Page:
Recently I came across an article titled “How to dress for an interview”. The article was no doubt excellent and very informative but one section of the article rang bells in my ears. Well, it had clearly distinguished shirt and trousers from kurtapajamas calling the former as “formal dress” while the latter as “traditional dress” and thereby declaring it as “not appropriate” for an interview or any formal meeting. Though this has been the norm ever since I was born, I am yet to figure out why the “corporate wardrobe” doesn’t include Indian wear. Why is it just a “costume” for specific occasions and not a regular clothing?
Why can’t we wear kurta pyjama at interview? Even women have the privilege of wearing saree and salwar kameez at work or while appearing for interviews. In India, the saree is always invoguebut where is Indian wear for men? Men de rigueur wear only shirts and trousers and unfortunately this outfit is not at all Indian but a foreign adaptation just like our car, our mobile phones, our cosmetics so on and so forth.
Look around, staff after staff is bereft of Indian attire. In this contemporary age of industry and entrepreneurship, Indian attire is rarely seen since they botched, or we botched, in making them office wear, formal wear or everyday wear.
We wear Indian attires for festivals, weddings and even at a funeral but in the office or while going to meetings and interview we do not dress in Indian clothes. Even if some office going women in semi-urban or rural areas can be seen wearing sarees or salwar kameez, men are not. The ‘unofficial’ dress code to attend an interview for a job in big city is always the Western wear. Have you ever spotted a man wearing a kurtapyjama to an interview for a job with any company? Forget the multinationals, men go suited-booted to any interview with any XYZ company.
Poignant demise of kurta pyjama or shall I say Indianess? There was India, with all its exceptional textiles encompassing unique textures and colors. No one in the world was wearing that and now we can’t even wear our once so distinctive dress while going for a very important day of our career. Sad!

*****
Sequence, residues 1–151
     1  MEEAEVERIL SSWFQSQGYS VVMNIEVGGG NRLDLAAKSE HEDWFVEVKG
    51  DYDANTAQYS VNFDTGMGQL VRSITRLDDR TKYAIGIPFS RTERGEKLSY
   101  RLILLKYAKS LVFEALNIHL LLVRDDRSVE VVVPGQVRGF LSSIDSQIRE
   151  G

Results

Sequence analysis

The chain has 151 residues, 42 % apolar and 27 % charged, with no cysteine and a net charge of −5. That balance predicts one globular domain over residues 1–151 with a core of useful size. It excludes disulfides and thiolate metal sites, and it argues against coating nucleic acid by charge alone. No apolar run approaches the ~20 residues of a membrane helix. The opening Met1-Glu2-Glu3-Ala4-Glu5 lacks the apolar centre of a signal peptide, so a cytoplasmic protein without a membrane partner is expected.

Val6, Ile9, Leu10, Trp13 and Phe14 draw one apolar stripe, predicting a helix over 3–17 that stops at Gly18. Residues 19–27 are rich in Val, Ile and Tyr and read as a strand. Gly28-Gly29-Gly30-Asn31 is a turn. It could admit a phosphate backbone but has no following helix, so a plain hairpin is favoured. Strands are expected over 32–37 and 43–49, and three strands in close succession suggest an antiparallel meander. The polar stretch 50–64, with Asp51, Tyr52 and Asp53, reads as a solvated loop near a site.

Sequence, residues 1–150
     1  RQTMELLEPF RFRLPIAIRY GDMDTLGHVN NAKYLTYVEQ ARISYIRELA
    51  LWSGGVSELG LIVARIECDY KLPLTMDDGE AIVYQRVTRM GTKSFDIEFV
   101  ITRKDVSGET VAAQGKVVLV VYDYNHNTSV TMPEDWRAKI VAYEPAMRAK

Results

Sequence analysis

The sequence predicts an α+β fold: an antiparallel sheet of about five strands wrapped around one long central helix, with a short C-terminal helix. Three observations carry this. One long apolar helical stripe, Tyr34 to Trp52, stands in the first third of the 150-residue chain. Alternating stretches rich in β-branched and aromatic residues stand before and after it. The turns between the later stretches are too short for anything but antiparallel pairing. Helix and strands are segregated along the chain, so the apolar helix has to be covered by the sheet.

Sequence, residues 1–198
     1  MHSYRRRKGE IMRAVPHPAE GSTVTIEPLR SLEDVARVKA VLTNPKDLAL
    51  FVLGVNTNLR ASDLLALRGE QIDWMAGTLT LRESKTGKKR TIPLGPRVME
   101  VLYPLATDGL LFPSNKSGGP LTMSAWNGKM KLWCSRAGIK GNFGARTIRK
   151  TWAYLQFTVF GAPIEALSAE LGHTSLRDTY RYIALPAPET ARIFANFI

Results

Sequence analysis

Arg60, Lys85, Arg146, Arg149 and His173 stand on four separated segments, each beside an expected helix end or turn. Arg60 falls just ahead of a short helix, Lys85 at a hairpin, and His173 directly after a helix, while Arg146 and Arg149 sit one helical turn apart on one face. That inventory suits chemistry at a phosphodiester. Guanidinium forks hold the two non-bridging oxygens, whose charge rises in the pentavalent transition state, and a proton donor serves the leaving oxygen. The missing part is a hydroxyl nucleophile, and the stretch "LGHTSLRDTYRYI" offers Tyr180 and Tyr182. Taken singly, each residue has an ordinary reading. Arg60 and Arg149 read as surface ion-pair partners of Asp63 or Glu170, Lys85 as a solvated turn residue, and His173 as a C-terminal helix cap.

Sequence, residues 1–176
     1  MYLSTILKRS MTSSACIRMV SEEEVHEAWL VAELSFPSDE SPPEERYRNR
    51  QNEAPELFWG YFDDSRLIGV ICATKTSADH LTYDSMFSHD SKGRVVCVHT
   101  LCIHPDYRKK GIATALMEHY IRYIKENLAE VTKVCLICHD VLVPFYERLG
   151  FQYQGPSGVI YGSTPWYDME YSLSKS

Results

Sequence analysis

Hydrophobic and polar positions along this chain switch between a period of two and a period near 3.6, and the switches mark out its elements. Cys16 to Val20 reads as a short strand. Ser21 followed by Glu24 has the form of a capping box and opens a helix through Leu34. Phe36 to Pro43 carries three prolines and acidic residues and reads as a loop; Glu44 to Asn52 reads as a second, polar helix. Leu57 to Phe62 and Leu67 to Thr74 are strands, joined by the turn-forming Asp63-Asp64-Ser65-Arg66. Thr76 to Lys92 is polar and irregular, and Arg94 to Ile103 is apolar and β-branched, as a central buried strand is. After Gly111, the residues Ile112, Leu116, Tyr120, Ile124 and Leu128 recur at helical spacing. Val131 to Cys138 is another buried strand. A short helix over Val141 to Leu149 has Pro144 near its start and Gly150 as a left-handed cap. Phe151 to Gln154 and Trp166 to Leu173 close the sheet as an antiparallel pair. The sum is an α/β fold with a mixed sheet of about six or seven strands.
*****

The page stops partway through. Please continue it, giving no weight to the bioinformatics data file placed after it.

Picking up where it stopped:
Not long ago the women and child department of the Haryana government directed its staff to abstain from wearing jeans and T-shirts at work. The subject matter of this circular went like this: “To wear decent clothes in office”. That really makes one wonder, “Are jeans and T-shirt indecent?” The circular was mainly addressed to the field staff stating, “It has been observed that some officers/officials come to office in jeans/T-shirts/Western dresses which sometimes not only look odd but are also in contravention of government rules.”
Oh! The issue seems to be the “western outfit” then why not ask the employees to wear kurta pyjamas? They are decent enough, right? Covers the entire legs just like a pant and entire arm just like a full sleeve shirt, right? Even then why can’t we wear Indian dresses to work? Why don’t news anchors, for instance, wear Kurta pajamas instead of suits?
Indian attires seem to be just a costume limited to specific days on news channels. Udayan Mukherjee, the frontage of the share markets, adorns impressive bandhgalas only on mahurat trading and not otherwise. The dresses of the news anchors have an effect on the viewers as much as the news. If a top anchor is seen wearing kurta pyjama while presenting the daily news almost on a regular basis, it will bring in a change in the perception of the masses towards Indian dresses.
Why is kurta pyjama limited to religious ceremonies only? We pull out our traditional Indian dress from the corner of our closets only on Holi, Diwali, Dasshera or other festive occasions. We never ‘dare’ to wear them to an interview or a formal event. Why can’t one wear a kurta pyjama to a board meeting or interview? Why is it not included in the “corporate wardrobe”?
Do you think we look serious and committed wearing shirts and trousers while not so sophisticated in kurta pyjamas? Is it the same India which once boycotted foreign goods and wanted to be independent from outsiders but now feels ashamed to include Indian dress in its corporate dress code.